I don't expect anyone remembers, but when we moved house (the second time) in 2008, I (re)discovered my old school reports, and said I would make a blog post out of them sometime. I found those school reports again recently, so here I am blogging the first batch. I'll just 'do' the Primary School ones today (for those in other parts of the world, 'Primary School' is where kids aged 5-11 spend their term times. They then move on to Secondary Education.) I don't seem to have any reports from my time in the Infants (age 5-7) I just have the ones from the Juniors.
I'm not sure anyone will actually be very interested in this, but it's the sort of thing I'd like to go in a future Blog Book for family, so please forgive the self-indulgence.
The earliest report I can find is from the year in which I was 8:
[Kitty] has made very good progress in all subjects throughout the year. She is very enthusiastic and joins readily in with all class activities. PE, games and swimming have been enjoyed. Apart from an unfortunate incident relating to school meals, I have found her a very thoughtful and reliable girl.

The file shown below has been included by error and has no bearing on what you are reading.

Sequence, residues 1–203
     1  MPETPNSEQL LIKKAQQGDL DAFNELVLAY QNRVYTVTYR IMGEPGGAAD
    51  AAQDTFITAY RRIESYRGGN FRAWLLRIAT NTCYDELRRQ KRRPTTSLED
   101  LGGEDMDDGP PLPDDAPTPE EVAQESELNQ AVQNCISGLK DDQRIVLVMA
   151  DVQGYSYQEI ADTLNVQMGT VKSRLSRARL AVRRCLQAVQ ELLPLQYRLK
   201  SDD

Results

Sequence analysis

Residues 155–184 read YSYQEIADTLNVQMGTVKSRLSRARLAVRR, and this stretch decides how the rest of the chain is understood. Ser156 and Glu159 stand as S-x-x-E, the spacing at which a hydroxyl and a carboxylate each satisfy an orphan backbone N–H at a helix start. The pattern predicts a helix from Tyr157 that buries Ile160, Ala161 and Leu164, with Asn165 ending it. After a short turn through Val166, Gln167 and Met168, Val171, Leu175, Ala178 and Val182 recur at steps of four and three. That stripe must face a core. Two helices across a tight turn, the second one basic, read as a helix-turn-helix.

The Head has added to the back '[Kitty] is a very pleasant girl who has worked hard'
I'm sure your reaction is the same as mine ... what unfortunate incident relating to school meals? :-O It was obviously important enough for the teacher to note on my report, but what the hell ... ? I don't remember that teacher at all, other than that she had dark hair and big glasses; her name was Mrs Prior.
What do you think I did that might have been unthoughtful and/or unreliable and was related to school meals? All suggestions very gratefully received! I must ask Mum if she can remember.
The next report I found is from the year in which I was 9:
[Kitty] has worked steadily throughout the year. She takes great care over her written work and produces stories of imaginative content. She is an extremely able reader, capable of reading mature books, of which there is a good choice in the school. In Mathematics she has proved to be quite competent and has few problems in this subject. Always helpful in the classroom, she has many interests and belongs to several after-school clubs.